Survey ranks Tyrrell poorly in economic indicators

Published 1:42 pm Wednesday, March 4, 2020

This report is the third in a series on demographic, economic, health, and educational information from Tyrrell County as compared with other North Carolina counties.

Data are from the 2019 County Map Book, published by the North Carolina Association of County Commissioners.

The first report focused on educational attainment, high school graduation rates, local current expense appropriation per student, average teacher salary supplement, number of classroom teachers, and program enhancement teachers.

The second report gave data on public school facility needs, public school building capital fund [lottery] distribution, low-wealth supplemental funding, students enrolled in charter schools, and pre-kindergarten enrollment.

This report deals with economic conditions:


The poverty threshold for a family of four is $25,750 annual income, and 35% of Tyrrell households are at or below that figure. Two other counties have the same percentage — Alleghany and Columbus. Twelve counties are in worse shape, with Greene and Robeson topping the list at 44%. Counties having the fewest children under 18 in poverty are Camden and Orange with 11% each.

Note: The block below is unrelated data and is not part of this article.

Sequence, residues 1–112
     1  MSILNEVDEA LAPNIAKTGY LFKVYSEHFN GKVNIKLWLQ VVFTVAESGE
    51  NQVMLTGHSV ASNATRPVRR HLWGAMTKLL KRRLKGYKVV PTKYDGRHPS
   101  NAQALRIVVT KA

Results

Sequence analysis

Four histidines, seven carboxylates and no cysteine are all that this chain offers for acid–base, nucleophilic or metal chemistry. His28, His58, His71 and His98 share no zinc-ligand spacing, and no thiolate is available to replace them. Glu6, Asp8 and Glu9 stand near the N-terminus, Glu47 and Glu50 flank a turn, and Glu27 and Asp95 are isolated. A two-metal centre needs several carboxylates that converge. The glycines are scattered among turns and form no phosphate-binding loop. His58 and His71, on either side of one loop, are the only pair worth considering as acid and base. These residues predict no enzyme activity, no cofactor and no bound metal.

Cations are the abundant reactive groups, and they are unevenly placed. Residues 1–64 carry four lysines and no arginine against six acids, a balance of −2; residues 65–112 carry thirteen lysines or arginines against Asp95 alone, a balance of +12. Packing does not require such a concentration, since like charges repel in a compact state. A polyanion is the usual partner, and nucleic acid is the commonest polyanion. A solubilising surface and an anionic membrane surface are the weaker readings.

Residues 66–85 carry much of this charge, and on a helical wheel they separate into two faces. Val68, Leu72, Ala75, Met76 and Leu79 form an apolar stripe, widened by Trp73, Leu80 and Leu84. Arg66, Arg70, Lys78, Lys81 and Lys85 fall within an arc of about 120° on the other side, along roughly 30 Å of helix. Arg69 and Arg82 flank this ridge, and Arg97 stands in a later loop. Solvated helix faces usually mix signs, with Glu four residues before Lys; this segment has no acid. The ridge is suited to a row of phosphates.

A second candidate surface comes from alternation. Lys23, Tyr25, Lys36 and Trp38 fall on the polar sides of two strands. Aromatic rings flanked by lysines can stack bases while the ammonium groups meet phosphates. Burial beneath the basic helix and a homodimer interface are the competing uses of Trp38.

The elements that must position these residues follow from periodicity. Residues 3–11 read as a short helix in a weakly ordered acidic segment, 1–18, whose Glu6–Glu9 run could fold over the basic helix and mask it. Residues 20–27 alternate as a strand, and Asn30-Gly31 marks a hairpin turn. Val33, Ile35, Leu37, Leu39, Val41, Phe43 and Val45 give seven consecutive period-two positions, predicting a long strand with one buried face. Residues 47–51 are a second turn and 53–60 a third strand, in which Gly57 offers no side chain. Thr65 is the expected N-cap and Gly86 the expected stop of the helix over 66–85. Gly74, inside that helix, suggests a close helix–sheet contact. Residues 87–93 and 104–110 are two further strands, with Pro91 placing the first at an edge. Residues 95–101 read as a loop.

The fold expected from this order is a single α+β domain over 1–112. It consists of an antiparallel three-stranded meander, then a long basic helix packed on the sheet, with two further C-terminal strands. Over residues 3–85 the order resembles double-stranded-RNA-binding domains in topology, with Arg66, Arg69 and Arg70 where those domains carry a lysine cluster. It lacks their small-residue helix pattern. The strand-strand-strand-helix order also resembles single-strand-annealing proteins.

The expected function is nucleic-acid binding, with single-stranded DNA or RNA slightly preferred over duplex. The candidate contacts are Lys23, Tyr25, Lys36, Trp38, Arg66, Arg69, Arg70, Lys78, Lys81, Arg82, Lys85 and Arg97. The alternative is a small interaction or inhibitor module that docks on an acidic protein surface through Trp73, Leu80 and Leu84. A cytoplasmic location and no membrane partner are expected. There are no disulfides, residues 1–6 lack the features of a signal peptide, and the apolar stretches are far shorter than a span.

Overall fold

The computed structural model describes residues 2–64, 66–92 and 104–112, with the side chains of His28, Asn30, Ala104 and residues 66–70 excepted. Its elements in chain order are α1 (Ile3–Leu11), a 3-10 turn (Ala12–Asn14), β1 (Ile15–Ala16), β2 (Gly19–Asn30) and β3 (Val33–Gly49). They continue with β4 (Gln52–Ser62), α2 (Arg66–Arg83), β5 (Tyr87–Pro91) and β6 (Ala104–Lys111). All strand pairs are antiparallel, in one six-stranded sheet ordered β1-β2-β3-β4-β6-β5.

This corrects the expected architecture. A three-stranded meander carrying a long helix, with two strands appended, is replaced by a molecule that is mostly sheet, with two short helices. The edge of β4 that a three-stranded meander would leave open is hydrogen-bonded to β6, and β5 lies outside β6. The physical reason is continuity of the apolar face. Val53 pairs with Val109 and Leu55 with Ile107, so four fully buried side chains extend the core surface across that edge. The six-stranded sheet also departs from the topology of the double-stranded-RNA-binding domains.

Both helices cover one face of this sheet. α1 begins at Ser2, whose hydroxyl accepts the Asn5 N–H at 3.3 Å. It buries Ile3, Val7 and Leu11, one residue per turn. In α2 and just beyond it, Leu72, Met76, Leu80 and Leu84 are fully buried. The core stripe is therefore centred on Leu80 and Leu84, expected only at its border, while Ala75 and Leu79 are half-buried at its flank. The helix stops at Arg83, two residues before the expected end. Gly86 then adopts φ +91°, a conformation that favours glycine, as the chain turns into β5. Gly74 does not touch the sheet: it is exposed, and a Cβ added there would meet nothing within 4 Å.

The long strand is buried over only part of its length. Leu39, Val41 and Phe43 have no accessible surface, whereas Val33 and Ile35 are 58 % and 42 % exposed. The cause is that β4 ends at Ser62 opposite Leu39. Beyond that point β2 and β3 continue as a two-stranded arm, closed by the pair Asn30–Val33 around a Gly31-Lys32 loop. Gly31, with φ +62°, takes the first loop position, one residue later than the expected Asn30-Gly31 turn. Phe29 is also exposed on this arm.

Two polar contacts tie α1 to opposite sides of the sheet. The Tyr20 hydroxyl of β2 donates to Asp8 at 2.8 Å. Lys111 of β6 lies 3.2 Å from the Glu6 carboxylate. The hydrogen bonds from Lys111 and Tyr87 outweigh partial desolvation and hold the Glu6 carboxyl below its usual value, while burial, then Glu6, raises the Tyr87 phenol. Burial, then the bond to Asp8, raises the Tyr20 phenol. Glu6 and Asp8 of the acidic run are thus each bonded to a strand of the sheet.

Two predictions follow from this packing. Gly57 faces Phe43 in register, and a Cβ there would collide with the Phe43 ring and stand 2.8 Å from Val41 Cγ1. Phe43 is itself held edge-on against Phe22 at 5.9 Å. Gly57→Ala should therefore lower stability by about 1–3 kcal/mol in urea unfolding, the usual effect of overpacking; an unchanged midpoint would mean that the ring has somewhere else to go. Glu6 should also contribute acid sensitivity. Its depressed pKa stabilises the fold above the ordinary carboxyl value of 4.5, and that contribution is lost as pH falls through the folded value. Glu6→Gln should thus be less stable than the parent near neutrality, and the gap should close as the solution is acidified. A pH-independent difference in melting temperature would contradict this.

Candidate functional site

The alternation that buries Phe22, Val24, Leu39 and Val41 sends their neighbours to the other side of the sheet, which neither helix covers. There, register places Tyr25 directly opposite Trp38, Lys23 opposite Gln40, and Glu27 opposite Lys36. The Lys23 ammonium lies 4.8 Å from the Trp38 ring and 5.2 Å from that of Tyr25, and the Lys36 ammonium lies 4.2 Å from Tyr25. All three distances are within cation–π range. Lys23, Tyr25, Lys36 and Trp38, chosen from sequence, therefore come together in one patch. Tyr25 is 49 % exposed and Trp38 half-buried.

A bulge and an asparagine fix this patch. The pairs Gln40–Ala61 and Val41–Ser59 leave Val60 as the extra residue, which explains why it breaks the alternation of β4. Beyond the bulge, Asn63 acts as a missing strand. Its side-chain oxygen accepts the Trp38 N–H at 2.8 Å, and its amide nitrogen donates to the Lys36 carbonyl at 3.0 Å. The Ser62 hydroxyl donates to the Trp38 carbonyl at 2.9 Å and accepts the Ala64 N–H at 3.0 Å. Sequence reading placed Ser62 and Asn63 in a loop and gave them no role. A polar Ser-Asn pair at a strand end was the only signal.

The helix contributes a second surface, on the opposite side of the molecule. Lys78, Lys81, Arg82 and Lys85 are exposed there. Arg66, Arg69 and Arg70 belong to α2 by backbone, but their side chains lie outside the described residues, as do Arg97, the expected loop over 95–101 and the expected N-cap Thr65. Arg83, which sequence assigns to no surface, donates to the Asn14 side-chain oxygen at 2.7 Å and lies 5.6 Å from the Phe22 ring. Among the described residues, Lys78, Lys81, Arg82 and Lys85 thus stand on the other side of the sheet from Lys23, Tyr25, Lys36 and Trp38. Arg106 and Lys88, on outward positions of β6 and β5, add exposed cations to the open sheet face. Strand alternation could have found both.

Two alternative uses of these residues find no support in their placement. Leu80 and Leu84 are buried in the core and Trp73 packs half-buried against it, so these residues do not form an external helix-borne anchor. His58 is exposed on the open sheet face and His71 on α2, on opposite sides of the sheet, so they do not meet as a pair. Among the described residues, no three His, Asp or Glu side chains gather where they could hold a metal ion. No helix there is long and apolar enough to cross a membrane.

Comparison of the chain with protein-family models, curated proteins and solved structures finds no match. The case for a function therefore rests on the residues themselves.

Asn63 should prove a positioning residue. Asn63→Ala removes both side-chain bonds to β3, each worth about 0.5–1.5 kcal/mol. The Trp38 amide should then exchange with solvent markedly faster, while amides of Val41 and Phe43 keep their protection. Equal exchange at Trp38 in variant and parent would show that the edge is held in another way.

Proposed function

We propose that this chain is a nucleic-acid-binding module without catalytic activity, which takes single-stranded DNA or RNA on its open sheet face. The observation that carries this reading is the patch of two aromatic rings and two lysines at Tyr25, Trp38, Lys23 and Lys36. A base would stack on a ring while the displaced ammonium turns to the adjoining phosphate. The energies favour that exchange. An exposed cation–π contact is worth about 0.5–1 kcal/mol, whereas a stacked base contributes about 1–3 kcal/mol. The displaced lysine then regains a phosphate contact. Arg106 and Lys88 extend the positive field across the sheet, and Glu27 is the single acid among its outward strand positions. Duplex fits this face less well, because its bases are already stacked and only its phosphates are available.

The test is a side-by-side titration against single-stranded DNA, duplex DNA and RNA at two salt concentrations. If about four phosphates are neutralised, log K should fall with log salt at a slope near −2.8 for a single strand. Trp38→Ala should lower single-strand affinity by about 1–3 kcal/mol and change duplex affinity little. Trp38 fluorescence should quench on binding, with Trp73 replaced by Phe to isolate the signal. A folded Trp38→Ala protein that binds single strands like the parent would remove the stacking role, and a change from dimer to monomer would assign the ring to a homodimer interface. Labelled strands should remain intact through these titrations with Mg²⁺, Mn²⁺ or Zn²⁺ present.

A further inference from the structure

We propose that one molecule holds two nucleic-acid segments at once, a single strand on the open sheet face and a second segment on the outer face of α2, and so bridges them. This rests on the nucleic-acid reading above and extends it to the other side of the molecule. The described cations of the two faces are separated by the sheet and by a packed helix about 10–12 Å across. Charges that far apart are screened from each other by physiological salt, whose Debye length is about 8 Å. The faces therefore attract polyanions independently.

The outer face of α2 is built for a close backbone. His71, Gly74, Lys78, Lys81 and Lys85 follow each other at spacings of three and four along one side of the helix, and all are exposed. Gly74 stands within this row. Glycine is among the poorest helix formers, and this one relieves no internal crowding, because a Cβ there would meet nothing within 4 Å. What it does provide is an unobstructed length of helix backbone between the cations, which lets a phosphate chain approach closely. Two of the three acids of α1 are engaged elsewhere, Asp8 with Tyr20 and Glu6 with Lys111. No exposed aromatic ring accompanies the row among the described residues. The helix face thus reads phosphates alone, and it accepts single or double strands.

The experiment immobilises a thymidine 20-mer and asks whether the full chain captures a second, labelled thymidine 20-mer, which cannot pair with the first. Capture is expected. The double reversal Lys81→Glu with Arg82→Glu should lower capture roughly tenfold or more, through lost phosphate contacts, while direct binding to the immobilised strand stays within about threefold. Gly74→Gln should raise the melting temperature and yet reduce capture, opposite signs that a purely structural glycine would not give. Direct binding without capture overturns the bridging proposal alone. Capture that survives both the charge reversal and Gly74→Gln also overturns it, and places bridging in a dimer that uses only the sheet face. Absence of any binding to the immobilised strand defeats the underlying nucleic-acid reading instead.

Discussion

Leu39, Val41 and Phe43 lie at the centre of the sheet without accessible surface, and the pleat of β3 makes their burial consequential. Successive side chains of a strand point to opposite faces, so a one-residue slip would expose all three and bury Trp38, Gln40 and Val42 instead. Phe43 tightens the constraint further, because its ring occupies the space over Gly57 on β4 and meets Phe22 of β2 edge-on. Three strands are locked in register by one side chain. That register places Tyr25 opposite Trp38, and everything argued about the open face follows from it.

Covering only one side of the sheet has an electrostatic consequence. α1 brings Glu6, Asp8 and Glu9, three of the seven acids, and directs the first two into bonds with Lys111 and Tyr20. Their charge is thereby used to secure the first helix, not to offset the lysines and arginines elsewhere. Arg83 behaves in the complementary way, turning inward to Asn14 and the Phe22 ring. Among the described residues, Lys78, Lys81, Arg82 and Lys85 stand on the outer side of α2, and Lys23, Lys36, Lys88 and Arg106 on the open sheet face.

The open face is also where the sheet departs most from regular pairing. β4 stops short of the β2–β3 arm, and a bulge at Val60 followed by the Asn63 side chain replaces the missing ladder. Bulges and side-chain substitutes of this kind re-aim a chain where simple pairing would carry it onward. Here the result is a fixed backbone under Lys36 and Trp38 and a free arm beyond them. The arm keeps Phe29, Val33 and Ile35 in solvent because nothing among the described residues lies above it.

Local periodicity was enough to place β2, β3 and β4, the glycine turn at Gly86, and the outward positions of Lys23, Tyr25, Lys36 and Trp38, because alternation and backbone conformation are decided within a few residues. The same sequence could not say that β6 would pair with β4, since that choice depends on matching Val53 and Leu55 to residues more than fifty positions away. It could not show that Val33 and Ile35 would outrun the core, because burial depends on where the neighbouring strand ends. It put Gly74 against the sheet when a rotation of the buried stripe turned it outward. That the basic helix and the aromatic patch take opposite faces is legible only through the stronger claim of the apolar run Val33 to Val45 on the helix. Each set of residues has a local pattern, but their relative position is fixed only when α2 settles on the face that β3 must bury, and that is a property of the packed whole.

The percentages in this indicator were estimated based on a county’s number of citizens unemployed compared to the number of citizens employed in May 2019. Tyrrell and Halifax were at 5.8%, with Robeson and Washington just below at 5.7% and Vance above at 5.9% and Warren at 6.0%. Highest unemployment was in Hyde at 6.8% and Scotland at 6.6%. Lowest unemployment was in Buncombe at 3.1% and Davie at 3.5%.


Food insecurity refers to the U.S. Department of Agriculture’s measure of lack of access, at times, to enough food for an active, healthy life for all household members, and to limited or uncertain availability of nutritionally adequate foods. Tyrrell, Jones and Nash were at 24% each, with Guilford and Caswell just below at 23% each and Columbus, Wayne, Onslow and Pasquotank at 25%. Highest rates were 33% in Edgecombe and Scotland, with the lowest, 13%, in Henderson and Union counties. These were 2016 data.


The percentage of citizens who are under age 65 and did not have health insurance in 2019 was an average of 16.5% for all 100 North Carolina counties, up from 14% in 2018. Number 93 among the counties was Tyrrell at 21%, the same as Graham, Hoke and Jackson. Highest was Duplin at 25%, with Robeson and Sampson just behind at 24% each. Lowest uninsured county was Wake at 11%, with Camden, Cabarrus, Onslow and Orange at 12% each.